She says socially inept people are the ones who normally commit these crimes. “They don’t have good stable relationships with another adult person,” she said. “That’s a sign you want to watch out for.”
She says it’s not healthy these days to trust anybody, and the best thing parents can do is to educate children to the fact that there are predators; there are people that would use and abuse them.
St. Louis native and NASW member Ernest Garrett III will become the first deaf superintendent of the Missouri School for the Deaf since its establishment by the Missouri Legislature in 1851. According to an article published by the University of Arkansas at Little Rock, the Missouri Department of Elementary and Secondary Education selected Garrett for the position, which will start July 1.
He is the immediate past president of the National Black Deaf Advocates Inc., which gave him the 2009 Advocate of the Year award, and the recipient of the 2011 Lasting Impression award from Special School District of St. Louis County.
Garrett earned master’s degrees in science and social work, with a school social work specialization, from Gallaudet University in Washington, D.C. He is pursuing a research doctorate in management, with a specialization in leadership and organizational change, from Minnesota-based Walden University.
Eating disorders are the most lethal of all mental illnesses, and LGBTQ persons are at a remarkably high risk for these disorders, says NASW member Chase Bannister, a licensed clinical social worker in North Carolina and a certified eating disorder specialist.
Bannister was quoted in an article by the Windy City Times in Chicago, and said one of the reasons LGBTQ persons are uniquely affected is because of a concept known as minority stress, which has to do with the societal pressure, stigma and shame that is put on a community against its will.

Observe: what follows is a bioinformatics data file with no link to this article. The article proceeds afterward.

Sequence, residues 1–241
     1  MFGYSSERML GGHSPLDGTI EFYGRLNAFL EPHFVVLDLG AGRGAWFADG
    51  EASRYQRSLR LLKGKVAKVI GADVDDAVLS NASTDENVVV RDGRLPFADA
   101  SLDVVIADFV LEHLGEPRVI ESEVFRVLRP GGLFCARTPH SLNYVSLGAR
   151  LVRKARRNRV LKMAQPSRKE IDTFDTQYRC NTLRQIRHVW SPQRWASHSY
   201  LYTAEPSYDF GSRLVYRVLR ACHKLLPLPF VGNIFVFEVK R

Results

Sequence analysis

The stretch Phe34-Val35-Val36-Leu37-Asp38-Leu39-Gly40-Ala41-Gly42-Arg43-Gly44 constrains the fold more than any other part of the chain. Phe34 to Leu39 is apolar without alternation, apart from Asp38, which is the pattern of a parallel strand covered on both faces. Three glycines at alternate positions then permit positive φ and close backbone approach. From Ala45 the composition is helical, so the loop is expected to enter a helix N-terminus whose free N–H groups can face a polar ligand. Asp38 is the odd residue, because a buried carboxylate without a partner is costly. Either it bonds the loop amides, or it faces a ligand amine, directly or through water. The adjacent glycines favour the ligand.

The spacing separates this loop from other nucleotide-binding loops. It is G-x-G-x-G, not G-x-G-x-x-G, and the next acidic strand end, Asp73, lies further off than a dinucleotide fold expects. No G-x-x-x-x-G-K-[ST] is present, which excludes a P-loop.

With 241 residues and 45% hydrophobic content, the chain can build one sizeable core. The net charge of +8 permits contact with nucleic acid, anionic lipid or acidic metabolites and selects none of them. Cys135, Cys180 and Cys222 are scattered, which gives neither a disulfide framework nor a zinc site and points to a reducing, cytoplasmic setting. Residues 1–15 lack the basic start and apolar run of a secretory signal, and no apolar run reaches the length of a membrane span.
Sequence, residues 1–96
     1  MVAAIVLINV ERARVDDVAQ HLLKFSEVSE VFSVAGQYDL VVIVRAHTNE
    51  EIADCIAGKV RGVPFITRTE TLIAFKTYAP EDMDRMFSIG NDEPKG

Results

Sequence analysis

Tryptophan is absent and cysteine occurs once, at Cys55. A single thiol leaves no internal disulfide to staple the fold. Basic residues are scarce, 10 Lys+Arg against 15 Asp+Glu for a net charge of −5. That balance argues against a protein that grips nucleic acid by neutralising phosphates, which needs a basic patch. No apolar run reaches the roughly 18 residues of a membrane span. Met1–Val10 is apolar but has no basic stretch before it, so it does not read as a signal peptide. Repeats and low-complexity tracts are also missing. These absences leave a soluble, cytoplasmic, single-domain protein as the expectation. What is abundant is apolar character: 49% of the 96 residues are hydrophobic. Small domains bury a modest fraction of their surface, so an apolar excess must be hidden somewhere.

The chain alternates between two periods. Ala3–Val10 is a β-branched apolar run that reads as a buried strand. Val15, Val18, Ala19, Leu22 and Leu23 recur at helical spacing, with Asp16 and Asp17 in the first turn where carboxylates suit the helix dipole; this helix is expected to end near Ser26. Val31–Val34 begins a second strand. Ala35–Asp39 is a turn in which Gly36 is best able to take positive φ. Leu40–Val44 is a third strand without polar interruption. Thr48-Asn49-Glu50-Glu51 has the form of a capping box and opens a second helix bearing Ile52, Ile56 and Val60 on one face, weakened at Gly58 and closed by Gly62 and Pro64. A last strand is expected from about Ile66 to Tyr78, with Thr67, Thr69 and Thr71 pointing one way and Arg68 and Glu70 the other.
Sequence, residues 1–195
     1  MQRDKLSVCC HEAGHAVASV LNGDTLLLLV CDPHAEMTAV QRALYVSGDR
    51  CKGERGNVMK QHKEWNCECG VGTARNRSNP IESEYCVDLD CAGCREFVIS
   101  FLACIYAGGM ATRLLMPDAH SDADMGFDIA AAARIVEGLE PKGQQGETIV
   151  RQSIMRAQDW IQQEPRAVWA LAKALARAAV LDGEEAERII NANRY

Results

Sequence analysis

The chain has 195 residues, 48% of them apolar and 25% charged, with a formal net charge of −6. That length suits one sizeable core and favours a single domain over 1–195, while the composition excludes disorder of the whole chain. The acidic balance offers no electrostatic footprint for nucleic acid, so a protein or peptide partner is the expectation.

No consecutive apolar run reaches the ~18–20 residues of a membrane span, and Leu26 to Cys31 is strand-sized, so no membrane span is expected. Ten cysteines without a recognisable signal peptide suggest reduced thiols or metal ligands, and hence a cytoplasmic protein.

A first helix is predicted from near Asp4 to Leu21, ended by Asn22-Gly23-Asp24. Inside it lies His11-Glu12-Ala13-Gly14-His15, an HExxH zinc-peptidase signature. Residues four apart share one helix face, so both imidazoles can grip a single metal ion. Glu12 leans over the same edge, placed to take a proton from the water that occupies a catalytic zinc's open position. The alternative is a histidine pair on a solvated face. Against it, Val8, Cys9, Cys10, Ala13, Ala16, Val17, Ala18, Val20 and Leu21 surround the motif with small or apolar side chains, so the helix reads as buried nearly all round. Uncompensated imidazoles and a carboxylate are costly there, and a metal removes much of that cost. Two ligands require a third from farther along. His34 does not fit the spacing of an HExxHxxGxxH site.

The stereotype of someone with an eating disorder is affluent, straight, white females, but in reality eating disorders do not discriminate, he said, and gay men are particularly at risk.
“Gay males make up approximately 6 percent of all males in the United States, yet up to about 42 percent of males who identify as having an eating disorder are gay males,” Bannister said.
Lesbians are also uniquely affected by eating disorders, he said, much more so than what was originally thought.
“It’s been a societal convention that lesbian women are protected from eating disorders or have been protected from eating disorders as a matter of course,” he said. “That is, they’ve been a part of a community that has philosophically rejected any unilateral concept of femininity, of feminine norm, or beauty, or a thin ideal attributed to women.”
Because of this previously held belief, little meaningful research has been done that is focused on the lesbian community, he said, adding that researchers also have largely ignored the transgender community.
Eating disorders remain a growing problem across the board in the United States, Bannister said.
“We have really created a perfect storm for making sure eating disorders stay around for a very long time,” he said.
The article says Bannister is somewhat optimistic that the transgender community will be included more in future eating-disorder studies, but overall there is a lot more research needed that focuses on all segments of the LGBTQ community.